10. Scan through your thoughts in this way until you are very relaxed. You may drift off to sleep, but repeated meditation will gradually enable you to stay awake during this process.
First Active Meditation Step:
1. Picture yourself as a series of concentric circles.
2. The outermost circle is the face that you present to the world. This is where the amygdala is most active, as it is the mind/brain’s primitive interface with the external environment. Here the percussions and shocks of the world strike you and the amygdala seeks to prepare and protect you. As you sit or lie in your relaxed state, observe the recent alarm triggers, over the last day or so, activating physiological reactions in your body and mind. Spend a little time observing.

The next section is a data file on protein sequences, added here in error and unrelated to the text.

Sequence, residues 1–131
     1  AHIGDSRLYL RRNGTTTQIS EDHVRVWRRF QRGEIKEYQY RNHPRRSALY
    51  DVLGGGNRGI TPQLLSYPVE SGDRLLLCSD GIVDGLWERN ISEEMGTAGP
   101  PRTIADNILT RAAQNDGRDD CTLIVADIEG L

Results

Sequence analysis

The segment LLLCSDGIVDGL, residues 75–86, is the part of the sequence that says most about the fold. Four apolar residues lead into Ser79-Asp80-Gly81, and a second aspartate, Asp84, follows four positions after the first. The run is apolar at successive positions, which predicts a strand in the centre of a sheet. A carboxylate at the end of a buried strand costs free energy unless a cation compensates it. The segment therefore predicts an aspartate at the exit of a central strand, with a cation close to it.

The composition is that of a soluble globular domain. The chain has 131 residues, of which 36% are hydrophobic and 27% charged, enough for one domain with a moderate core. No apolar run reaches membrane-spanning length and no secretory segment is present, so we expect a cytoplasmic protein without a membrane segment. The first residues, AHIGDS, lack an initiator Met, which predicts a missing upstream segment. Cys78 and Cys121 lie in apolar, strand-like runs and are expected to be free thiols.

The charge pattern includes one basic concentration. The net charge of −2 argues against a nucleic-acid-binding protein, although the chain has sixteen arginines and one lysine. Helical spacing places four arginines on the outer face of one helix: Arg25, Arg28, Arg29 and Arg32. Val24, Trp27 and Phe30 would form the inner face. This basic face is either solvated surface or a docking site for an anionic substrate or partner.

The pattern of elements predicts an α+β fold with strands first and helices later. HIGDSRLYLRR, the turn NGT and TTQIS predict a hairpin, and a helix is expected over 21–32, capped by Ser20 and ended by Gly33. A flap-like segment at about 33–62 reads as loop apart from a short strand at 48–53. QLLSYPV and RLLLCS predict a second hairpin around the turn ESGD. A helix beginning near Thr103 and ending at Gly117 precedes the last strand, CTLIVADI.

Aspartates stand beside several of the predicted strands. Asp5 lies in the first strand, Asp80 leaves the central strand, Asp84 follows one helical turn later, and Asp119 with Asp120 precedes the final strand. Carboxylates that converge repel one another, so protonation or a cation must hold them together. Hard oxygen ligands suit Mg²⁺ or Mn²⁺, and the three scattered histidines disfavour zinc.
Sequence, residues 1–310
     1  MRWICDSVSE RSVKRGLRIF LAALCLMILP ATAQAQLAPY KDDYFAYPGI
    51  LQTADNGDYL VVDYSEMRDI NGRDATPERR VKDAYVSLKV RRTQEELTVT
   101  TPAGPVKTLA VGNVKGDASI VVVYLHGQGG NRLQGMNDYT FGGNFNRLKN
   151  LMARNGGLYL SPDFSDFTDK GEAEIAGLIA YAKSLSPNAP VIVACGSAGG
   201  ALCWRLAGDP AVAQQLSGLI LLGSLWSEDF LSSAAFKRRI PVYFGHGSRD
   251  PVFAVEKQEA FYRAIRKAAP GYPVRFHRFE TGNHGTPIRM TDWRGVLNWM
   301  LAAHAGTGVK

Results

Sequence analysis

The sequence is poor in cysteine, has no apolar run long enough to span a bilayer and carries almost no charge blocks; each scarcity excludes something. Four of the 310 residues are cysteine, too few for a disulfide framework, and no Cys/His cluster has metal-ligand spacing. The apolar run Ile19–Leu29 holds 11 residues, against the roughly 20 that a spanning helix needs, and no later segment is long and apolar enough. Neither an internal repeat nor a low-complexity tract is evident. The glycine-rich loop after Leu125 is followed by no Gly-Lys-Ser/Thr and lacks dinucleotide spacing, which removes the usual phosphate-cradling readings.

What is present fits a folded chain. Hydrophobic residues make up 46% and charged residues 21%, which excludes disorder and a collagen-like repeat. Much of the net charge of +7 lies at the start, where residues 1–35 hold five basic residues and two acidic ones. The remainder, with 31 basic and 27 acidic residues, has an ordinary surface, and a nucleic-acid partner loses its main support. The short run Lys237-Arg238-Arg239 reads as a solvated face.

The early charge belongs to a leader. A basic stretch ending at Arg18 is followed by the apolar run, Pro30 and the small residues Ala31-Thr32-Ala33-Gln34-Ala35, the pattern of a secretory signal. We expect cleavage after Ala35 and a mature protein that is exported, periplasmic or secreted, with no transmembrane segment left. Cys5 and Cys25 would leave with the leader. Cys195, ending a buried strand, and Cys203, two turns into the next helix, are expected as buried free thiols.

3. Consider the next circle, moving inward. Here, the triggered alarms have been internalised and you have formed opinions and judgements about yourself based upon them. We will investigate these later — for now, merely observe the usually low opinions you have of yourself in this circle. Your attention may stick here, but if you can, when you are ready, try to move on to the circle below.
4. This is the circle in which fleeting glimpses can be found of a much more positive and powerful You. At this stage, these will be hard to hang onto and rather vague, but practice will stabilise them to a degree. Don’t try to spend too much time or energy grasping these, we will work with them later. For now, enjoy the brief glimpses and stay relaxed, then see if you can go to the circle below.